On April 26, James Roberts caught a mahi-mahi that qualifies as the new state record. The fish was taken about 80 miles east of St. Catherine’s Island. Roberts was fishing with five buddies who regularly target that area.
On state-certified scales, the fish weighed 68-pounds, 1.6-ounces, topping the previous state record of 67-pounds, 9.6-ounces caught in 2019 by angler Will Owens of St. Simons Island, according to Georgia’s DNR’s Coastal Resources Division, which administers the Georgia Saltwater Game Fish Records Program.
The group had been in schools of big mahi-mahi, also known as dolphin fish, for most of the day. Their fish box was full and had used all their ballyhoo baits. So they were bringing in their lines at about three in the afternoon for the run back to the boat ramp when the fish hit.
“I’d just popped the fishing line off the outrigger to bring the bait back to the boat, when this giant of a dolphin smashed the bait and lure two or three times, and then just took off tail-walking and screaming drag off the reel,” says Roberts. “He swallowed the whole 7-inch lure and bait, and I didn’t think the fish would stop during that first run. He hit about 100 yards behind our trolling boat, and that first run screamed another 500 yards of 65-pound test braided line off the reel. All I could do was hold on.”
After the fish’s first blazing run, Roberts settled in to fight the fish. But it cartwheeled, tail-danced, and made more runs for another 30 minutes before he got control of it. Then he worked it near their 25-foot Contender center-console boat named Salty Intentions.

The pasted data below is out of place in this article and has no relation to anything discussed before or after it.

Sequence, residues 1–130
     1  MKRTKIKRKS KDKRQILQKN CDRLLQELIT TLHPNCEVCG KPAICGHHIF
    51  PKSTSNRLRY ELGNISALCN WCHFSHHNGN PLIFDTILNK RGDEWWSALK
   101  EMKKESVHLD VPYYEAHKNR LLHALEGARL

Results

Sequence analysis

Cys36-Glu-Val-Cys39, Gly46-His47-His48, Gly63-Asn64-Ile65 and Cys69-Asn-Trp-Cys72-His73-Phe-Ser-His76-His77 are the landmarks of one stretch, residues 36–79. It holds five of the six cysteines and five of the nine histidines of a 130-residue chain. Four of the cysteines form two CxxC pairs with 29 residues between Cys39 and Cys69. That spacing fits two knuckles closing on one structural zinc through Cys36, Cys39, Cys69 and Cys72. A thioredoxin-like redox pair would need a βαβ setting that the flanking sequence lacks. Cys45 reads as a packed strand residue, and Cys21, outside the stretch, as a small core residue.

“It took three of us to gaff that fish and haul it aboard,” said Roberts, who works for a shipping company in the port of Garden City, Georgia.
Then the five anglers headed west, back to the Georgia DNR Demere Creek Ramp where they’d launched that morning. They’d boated dozens of mahi-mahi, most big fish in the 15 to 20-pound range. But Roberts’ catch was a giant, and the anglers knew it could be a state record. They loaded up the boat and headed to the Georgia DNR office in nearby Richmond Hill to have it officially weighed.
Roberts said they’d first started trolling too far east, in deeper and colder water, and didn’t locate better and warmer water until they turned back toward shore.
“We found warmer water and then found weedlines and put out baits, and it was non-stop action with dolphin,” he says. “We had several triple-headers on dolphin and some doubleheaders, too. It was incredible, we finally just ran out of bait.”
Roberts says his big dolphin hit a ballyhoo bait fitted to a multi-colored Mahi Manic lure. He credits all the great fishing to the boat captain, Michael Bell, and the other anglers aboard, including James Bashlor, Mike Cahook, and Sean Bragg, all local Georgia anglers who fish almost every weekend together off the coast.